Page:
prunes may preserve bone health - two hands holding a small bowl of prunes

10 Ways to Have a Happy You Year!

By Leslie Bonci, MPH, RDN, CSSD, LDN

As we all try to define our new normalcy in a world of uncertainty, there is something to be said for controlling what we can with our self-health plan. Can we resolve to strategize our behaviors to be purposeful, present, and positive? Can we prioritize health and well-being, and personalize our fitness, nutrition, stress management and sleep to optimize the return on our investment? Here are 10 ways to help you do just that:



Everyone is in overdrive with obligations but taking care of one’s health never takes a vacation. However, self-care does not happen without both commitment and time. This does not mean that we should give up other responsibilities, but it certainly does mean that we are worth an investment in time and energy to be present and purposeful in strategies that allow us to de-stress, get our rest, nourish and move our bodies, and address underlying health concerns.


When my clients voice the desire to lose weight, manage blood glucose, improve fitness, control cholesterol, optimize bone health, etc.… I always applaud and support the efforts, BUT I also ask them how they are going to prioritize making their efforts attainable, sustainable, and maintainable. We are all allotted only 24 hours in a day and many hours of the day are already spoken for. So why not schedule self-care? Put it on your you-do list so it gets accomplished rather than forgotten.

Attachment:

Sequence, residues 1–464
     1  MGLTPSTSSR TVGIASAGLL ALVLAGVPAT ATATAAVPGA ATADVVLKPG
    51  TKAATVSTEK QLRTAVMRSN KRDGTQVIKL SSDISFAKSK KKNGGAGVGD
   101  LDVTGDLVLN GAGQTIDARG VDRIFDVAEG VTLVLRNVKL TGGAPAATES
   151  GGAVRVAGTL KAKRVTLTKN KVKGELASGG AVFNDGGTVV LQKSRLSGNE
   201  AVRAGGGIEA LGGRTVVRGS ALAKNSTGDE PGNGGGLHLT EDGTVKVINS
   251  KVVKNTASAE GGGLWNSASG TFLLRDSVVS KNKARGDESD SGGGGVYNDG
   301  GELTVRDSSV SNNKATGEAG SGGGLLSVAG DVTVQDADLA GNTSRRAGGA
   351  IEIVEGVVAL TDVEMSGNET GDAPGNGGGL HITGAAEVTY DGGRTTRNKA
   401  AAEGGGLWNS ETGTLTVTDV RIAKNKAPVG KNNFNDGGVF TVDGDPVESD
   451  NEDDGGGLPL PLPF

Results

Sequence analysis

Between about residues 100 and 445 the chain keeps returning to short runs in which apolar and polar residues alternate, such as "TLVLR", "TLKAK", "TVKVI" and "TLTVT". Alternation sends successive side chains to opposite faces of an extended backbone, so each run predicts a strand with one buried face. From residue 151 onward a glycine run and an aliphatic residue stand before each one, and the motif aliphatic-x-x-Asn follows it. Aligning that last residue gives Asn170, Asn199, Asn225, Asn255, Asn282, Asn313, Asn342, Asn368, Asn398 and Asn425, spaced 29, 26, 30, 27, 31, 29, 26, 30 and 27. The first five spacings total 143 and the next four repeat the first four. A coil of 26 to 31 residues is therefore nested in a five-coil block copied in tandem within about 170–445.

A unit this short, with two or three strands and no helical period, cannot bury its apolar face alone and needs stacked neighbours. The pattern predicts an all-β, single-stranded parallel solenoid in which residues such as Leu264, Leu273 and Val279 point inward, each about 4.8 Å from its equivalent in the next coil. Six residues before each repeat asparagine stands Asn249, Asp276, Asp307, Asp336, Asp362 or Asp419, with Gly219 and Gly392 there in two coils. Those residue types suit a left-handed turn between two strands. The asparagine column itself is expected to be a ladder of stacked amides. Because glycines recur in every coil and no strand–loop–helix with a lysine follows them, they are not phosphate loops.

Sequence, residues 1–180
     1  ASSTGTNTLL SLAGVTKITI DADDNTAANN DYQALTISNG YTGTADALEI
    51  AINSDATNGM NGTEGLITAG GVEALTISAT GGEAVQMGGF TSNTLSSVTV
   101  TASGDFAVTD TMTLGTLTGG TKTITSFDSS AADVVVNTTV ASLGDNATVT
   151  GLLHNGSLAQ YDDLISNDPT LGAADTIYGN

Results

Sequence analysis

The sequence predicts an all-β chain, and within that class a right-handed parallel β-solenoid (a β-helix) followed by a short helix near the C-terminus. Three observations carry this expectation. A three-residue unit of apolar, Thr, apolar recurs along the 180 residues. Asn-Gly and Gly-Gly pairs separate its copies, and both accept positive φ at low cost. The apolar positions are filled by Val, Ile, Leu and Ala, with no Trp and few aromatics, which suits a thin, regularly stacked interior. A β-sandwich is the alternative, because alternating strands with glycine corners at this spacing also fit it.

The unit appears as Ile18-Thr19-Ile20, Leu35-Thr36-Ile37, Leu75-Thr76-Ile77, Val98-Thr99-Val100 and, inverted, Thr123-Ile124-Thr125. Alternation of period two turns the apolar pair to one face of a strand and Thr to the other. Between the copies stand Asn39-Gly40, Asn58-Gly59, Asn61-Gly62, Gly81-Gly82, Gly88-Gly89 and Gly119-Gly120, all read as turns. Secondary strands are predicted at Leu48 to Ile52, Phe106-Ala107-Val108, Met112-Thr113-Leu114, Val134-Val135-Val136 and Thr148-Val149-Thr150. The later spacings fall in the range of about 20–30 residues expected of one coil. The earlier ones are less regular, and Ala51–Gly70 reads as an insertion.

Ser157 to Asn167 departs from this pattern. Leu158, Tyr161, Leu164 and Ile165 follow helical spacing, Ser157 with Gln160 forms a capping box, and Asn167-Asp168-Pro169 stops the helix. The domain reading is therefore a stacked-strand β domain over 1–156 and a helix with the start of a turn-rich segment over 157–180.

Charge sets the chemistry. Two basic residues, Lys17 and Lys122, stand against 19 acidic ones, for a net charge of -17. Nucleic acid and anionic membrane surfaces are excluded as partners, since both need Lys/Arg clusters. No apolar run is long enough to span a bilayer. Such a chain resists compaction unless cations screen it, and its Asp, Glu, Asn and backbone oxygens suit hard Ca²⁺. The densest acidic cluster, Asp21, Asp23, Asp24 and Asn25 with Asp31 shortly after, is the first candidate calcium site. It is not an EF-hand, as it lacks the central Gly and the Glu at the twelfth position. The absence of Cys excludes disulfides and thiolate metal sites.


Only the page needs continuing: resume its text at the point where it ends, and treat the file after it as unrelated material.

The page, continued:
When it comes to food choices, taste preferences, fitness, relaxation techniques, pillow preferences, and even medication, the choices are not one size fits all. The approach to nutrition, exercise, mindfulness, and self-care needs to be personalized to fit your budget, your schedule, your culinary ability, your living environment, and others in your home. If your strategies are not a good fit, they are not going to last, and you end up frustrated instead of motivated.


As we start a new year eating becomes an obligation or time of deprivation to make up for holiday indulgences. This type of approach is destructive rather than constructive and is certainly not enjoyable. So, how about some nutrition intuition in the kitchen.

Let your taste buds be part of the food choices and think about flavors that appeal to you. If you like sweet, consider adding prunes for a sweet, chewy taste that actually takes the bitterness away from veggies like this recipe for Sweet and Salty Brussels Sprouts with Bacon and California Prunes. Use prunes to add a nice sweetness to a mole sauce. You can also bring in the flavor with spices, seasoning, and vinegar to bring pizazz to the palate.

The texture is also an important consideration. If you like crunchy-roasted chickpeas or other beans, add them to a delicious and nutritious salad. Roasted vegetables can have a different texture than steamed vegetables.

Finally, appeal to your eye with produce. Fruits and vegetables bring beautiful colors to your bowl or plate. Additionally, lots of produce can fill you up. Add protein and a little fat for satiety between meals and the variety of taste appeal.


Whether it’s dancing, walking, swimming, biking, running, or rowing – choose the movement that you enjoy. Ideally, your moves should include elements that are good for your heart (cardio), good for your muscles and bones (strength training), and good for your joints (flexibility). Movement is good for your body composition, but it is also important for your bones and your gut. The important thing is to find the best way to be consistent. The goal is to be strong and live healthy and long!